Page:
Floods are among the most destructive natural hazards. They affect thousands of people worldwide and cause damage for millions of euros. Structural measures such as retention basins, dikes and flood control areas, aim to minimize the flood risk. They have been installed along most rivers, and will continue to be installed and upgraded in the future. However, these measures cannot eliminate the flood risk completely. This might be more the case in the future than in the past, due to the potential current and future increase in flood risks as a result of urbanization trends and climate change. For these reasons, it is important that local authorities and the people at risk can be warned timely for the remaining floods. Flood forecasting systems are being developed for that purpose. These systems utilize rainfall observations and predictions to predict water levels and flows along the rivers through hydrological and hydrodynamic models. The applicability of these systems obviously depends strongly on their accuracy. Both models and models inputs are subject to uncertainties, which need to be taken into account in the forecasting. Quantification of these uncertainties therefore becomes mandatory. Another research question is how to reduce these uncertainties, hence improving the accuracy of the flood forecasts. Quantification and reduction of the uncertainties in river flood forecasting were the two main objectives of this doctoral research. Another (secondary) objective was the communication and visualization of these uncertainties.
To quantify the uncertainty in the flood forecasts a non-parametric data-based approach was developed. This approach takes into account the heteroscedastic behaviour of the forecast errors and can be applied on both water level and discharge predictions. The calculation time of the method is very limited, which is crucial for its application in an operational context.
The developed approach to quantify the uncertainties can also be used to identify the different sources of uncertainty and their contribution to the total flood forecast uncertainty. After simulating historical forecasts and eliminating individual sources of uncertainty (e.g. by making use of observations instead of forecasts), the total hydrological forecast uncertainty could be split in its sources by applying variance decomposition. Based on this improved insight in the uncertainty composition, targeted improvement actions could be defined, which aim to reduce the flood forecast uncertainty in the most efficient way.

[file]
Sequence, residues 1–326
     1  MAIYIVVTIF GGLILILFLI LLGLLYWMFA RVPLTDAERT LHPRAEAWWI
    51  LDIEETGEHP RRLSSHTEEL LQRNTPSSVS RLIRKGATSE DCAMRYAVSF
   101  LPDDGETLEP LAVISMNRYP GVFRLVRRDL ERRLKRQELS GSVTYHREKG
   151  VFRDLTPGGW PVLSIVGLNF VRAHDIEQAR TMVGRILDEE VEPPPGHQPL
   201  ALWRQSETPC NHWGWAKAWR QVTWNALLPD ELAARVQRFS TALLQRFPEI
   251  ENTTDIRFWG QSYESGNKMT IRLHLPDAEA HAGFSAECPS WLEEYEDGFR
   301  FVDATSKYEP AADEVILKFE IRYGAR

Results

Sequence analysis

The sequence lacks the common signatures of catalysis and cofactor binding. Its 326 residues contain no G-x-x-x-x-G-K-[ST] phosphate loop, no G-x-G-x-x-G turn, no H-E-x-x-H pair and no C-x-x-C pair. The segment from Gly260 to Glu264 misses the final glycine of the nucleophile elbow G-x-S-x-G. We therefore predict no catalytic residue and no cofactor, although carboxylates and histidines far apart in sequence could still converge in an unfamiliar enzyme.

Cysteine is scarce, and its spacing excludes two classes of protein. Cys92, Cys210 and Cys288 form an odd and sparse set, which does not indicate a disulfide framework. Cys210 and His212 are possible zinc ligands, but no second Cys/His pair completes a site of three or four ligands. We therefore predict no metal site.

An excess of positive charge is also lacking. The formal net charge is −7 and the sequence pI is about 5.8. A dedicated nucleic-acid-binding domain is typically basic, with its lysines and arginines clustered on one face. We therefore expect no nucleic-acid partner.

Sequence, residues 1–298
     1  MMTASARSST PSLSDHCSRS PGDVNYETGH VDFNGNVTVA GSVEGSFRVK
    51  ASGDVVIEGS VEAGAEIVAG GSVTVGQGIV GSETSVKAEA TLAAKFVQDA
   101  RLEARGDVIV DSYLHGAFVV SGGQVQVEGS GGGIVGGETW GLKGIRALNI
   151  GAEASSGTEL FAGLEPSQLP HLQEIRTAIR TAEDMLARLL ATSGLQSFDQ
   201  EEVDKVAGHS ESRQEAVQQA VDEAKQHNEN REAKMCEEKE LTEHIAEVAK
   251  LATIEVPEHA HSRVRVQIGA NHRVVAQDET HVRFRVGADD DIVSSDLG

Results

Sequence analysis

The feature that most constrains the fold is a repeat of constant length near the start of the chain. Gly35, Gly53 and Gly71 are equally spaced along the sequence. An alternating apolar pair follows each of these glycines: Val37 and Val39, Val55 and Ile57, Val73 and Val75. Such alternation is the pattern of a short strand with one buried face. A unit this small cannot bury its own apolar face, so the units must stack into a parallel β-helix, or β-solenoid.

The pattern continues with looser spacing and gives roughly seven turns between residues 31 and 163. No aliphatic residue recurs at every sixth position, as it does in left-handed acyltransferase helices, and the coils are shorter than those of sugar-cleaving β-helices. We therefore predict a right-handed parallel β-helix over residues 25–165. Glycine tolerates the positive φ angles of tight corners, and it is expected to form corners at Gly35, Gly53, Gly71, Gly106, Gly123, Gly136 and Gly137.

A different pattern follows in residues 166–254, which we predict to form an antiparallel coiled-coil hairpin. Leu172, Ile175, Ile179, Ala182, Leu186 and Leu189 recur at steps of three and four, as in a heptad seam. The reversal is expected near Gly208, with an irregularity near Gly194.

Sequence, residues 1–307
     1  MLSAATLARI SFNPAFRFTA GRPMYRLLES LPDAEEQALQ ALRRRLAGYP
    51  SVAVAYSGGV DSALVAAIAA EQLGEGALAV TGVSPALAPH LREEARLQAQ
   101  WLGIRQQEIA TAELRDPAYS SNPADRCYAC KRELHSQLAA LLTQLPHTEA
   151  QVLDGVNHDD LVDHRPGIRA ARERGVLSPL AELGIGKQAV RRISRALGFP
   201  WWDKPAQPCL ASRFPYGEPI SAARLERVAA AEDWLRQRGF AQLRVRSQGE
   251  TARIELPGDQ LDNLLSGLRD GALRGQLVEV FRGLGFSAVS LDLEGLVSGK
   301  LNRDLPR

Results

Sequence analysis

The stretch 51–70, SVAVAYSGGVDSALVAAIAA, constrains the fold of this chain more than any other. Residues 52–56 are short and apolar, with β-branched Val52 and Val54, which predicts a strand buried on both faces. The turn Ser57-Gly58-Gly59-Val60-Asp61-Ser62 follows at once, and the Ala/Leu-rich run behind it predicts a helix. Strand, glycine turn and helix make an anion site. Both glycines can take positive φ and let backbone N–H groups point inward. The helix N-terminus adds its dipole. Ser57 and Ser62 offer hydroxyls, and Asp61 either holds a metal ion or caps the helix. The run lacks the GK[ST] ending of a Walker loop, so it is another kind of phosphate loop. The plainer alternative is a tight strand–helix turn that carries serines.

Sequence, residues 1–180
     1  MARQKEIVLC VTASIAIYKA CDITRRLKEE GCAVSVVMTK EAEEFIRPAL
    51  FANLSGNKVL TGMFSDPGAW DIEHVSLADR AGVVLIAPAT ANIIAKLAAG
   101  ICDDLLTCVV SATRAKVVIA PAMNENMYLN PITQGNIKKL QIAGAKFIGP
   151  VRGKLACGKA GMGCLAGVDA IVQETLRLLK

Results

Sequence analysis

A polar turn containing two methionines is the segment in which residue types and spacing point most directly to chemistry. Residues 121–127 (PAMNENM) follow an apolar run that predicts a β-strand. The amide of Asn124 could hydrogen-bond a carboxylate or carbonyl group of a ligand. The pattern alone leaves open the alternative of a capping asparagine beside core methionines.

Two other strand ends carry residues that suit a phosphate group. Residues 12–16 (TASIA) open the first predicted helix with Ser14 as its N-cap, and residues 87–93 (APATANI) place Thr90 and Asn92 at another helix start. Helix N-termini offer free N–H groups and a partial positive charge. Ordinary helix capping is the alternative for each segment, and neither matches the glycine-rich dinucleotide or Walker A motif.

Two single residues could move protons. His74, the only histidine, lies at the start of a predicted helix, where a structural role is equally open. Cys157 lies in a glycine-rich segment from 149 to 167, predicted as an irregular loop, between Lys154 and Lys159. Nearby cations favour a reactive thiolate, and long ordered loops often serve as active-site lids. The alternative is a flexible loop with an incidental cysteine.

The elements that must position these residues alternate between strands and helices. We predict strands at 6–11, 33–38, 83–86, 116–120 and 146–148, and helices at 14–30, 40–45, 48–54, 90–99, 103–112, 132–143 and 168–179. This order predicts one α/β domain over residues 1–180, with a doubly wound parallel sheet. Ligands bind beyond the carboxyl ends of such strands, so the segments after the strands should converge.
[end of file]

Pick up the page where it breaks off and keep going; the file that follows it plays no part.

The first improvement action studied was the hydrological model calibration. An advanced calibration methodology was applied that takes into account the performance of the hydrological model to make extrapolations beyond the range of historical conditions considered during model calibration. A novel method has been developed that studies the relationship between changes in peak flow versus changes in rainfall intensity. This relationship can be derived from the historical measurement series for different percentiles of flow and rainfall changes, and compared with the ones derived from the model simulation results. It is shown that by testing these relationships during the calibration of the hydrological model, more reliable model results are obtained for extremes.
Another large source of uncertainty in the flood forecasts is the uncertainty in the rainfall forecasts. The total uncertainty in the rainfall forecasts was quantified based on statistical analysis of forecasted versus observed rainfall. This rainfall forecast uncertainty was propagated to the total flood forecast uncertainty by means of Monte-Carlo simulation. This method was compared with another, more popular method, based on ensemble rainfall forecasts. This ensemble is based on the perturbation of the initial conditions of the numerical weather prediction model, allowing to generate multiple rainfall predictions. It is shown that the popular ensemble approach underestimates the total rainfall forecast uncertainty. Notwithstanding these improvements in the flood forecasting system, flood forecast uncertainties cannot be fully removed; some will remain. Therefore this work also addresses the visualization and communication of these uncertainties. Different uncertainty communication methods have been worked out, implemented and tested. The best method depends on the user of the forecast results. In addition, different tools have been developed to aid in the warning and decision making process. One promising tool is the calculation of the exceedance probability of a predefined (flood) discharge threshold, based on soil moisture estimates and precipitation data.